There's nothing boring about tunnels
Hidden beneath every major city are networks of underground tunnels. Many of them are used daily by commuters on trains, or light-rail or traveling by road.
The tunnels help keep vehicles off the condensed city streets and for traffic to flow more freely across urban areas.
This year, the NSW State Government committed to investing $120 billion in infrastructure projects over the next decade, with almost $77 millions set aside for transport projects. WestConnex, Australia's largest infrastructure road project to date, is estimated to cost $16 billion to complete and aims to ease congestion, create thousands of new jobs and connect communities in Sydney.
And Australia isn't slowing down.
UNSW Civil Construction expert, Dr. Johnson Shen from UNSW Civil and Environmental Engineering, says underground tunnels provide a sustainable transport solution as Australia's population density grows in its capital cities.
"We need to think differently about how we move people around whilst saving them time on their commute," says Dr. Shen.
"If we look at other hugely populated cities such as Singapore or Tokyo, they have extensive networks of underground tunnels to support their above ground transport system. Why? Because when you have limited space but still need to make the city livable for its residents, you either must start building bridges or build tunnels below ground.
"No infrastructure project is ever cheap, but the benefit to the community is priceless."
Not a one-size-fits all approach
Not all underground tunnels are made the same. The construction process varies depending on what the tunnel will be used for once it's complete.
Underground tunnels used for transit are usually circular in shape and this can be achieved using a tunnel boring machine (TBM).
Sometimes referred to as the "mole," a TBM is a very large machine used to excavate tunnels. They can bore through a variety of ground conditions including soil, hard rock, and sandstone.
"What makes them great for tunnels which will be used for transit is the shape," says Dr. Shen.
"If you think about the size of tunnel needed for a train to pass through, it's consistent all the way through between station platforms and they're much smaller than the size of the trucks that use traffic tunnels.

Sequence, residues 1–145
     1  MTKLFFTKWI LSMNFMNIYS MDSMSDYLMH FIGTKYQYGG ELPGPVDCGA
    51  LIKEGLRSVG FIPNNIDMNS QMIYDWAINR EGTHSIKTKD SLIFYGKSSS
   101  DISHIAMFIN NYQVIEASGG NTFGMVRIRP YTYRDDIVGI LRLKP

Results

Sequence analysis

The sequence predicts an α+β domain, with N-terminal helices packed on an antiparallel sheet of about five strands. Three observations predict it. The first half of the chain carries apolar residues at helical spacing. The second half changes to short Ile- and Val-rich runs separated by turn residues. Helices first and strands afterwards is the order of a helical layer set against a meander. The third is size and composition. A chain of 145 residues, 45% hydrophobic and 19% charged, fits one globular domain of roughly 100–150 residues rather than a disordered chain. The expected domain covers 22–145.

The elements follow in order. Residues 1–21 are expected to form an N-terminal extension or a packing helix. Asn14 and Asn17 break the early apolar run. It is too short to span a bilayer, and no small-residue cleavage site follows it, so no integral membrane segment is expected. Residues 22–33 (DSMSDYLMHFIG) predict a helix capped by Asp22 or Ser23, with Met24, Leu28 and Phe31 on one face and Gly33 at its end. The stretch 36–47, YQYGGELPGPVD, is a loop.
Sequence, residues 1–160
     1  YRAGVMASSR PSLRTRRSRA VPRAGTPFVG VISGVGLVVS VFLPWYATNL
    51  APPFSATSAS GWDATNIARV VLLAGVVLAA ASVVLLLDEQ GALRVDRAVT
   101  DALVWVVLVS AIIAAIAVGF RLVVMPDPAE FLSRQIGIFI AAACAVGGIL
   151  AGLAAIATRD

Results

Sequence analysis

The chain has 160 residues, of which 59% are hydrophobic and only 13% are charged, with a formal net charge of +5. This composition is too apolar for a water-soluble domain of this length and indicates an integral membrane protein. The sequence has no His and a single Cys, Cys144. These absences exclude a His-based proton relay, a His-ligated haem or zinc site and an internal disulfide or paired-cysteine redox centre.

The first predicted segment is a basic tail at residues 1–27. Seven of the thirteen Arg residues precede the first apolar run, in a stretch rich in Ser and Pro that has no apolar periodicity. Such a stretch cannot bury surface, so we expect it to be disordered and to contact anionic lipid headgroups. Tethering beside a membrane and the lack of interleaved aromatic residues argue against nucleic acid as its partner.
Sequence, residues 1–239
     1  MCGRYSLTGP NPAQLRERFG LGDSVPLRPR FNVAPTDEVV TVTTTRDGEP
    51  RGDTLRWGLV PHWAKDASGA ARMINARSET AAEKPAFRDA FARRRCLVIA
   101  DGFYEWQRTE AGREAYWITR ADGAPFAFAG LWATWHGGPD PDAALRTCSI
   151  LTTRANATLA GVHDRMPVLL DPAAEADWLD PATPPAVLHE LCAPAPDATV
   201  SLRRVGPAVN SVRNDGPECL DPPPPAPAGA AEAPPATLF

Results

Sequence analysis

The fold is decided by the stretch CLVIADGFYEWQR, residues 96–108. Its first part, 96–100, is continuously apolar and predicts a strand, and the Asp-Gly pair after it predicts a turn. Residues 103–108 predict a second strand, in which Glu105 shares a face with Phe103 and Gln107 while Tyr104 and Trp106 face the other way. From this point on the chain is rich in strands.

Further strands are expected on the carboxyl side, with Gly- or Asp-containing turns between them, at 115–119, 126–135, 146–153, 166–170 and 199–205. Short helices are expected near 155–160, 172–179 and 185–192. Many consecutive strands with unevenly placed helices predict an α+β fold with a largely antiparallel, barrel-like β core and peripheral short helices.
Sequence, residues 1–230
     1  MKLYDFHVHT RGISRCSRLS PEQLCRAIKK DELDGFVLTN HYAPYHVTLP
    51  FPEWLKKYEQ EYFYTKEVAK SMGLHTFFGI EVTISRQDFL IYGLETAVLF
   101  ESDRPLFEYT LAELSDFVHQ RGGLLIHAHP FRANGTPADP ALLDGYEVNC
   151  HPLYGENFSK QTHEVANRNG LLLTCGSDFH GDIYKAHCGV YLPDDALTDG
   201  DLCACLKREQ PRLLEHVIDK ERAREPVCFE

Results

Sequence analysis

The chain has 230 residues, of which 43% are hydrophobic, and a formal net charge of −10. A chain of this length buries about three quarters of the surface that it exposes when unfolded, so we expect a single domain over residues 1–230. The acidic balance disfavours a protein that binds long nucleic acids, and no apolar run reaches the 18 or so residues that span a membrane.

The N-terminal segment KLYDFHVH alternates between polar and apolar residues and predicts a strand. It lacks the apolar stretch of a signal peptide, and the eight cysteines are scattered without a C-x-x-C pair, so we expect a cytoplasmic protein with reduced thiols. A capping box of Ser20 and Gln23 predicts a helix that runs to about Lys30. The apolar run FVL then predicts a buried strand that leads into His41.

"While TBMs are expensive to make, they can produce a smooth tunnel wall all the way through whilst reducing the disturbance to the surrounding ground as it bores.
"For example, a specialized TBM was used to excavate twin metro rail tunnels from Barangaroo to Blues Point under Sydney Harbor."
Unlike tunnels used for transit, tunnels used for traffic are usually constructed using Australian roadheaders, says Dr. Shen.
"A roadheader is a piece of excavation equipment designed to mine hard rock formation. With bulldozer-style tracks on the arms, the pineapple-like head fitted with metal picks break and excavate the rock material," he says.
"Tunnels used by buses and cars are wider and taller than transit tunnels, so there is more rock to bore. Engineers could use wider TBMs but these are much more expensive to manufacture and operate."
Engineers can often face the challenge of trying to connect two areas separated by a large body of water—and sometimes going underwater is the only solution.
Unlike the boring method of underground tunnels, some underwater tunnels are constructed using the submerged tube method—meaning the tunnel exists in the body of water.
Dr. Shen says the construction design process takes into consideration the depth of the tunnel, to make sure it's not too close to the bottom of the water, and engineers carry out thorough geotechnical investigation works before construction starts.
"Using the submerged tube method, each section of the tunnel is cast off-site before being towed by sea to the desired location," he says.
"Section by section, each concrete tube is lowered into the water. During this stage, it's important that each element is aligned correctly.
"Once submerged, the joint between each tube is emptied of water and then sealed tight—this process continues until each end is connected to the opening portals constructed on land.
"The trench is then backfilled with material to provide protection over the top of the tunnel, and the ground on either side is also reinforced.
"An example of this type of tunnel is Sydney Harbor Tunnel which connects Warringah Freeway at North Sydney, and the Eastern Distributor at South Sydney."
One of the biggest, and most dangerous, concerns with underwater tunnels is keeping water from coming into the tunnel.
While it may seem like the water may burst in at any moment, rest assured they are very safe, says Dr. Shen.
"There are protocols in place so that specialists are conducting routine checks on the tunnel so make sure they're watertight," he says.
"Building underground tunnels is one of the most complex engineering systems in the world. There are so many moving parts and things to consider but ultimately, the end goal is to connect communities and make it easier for people to move around quickly, but safely too."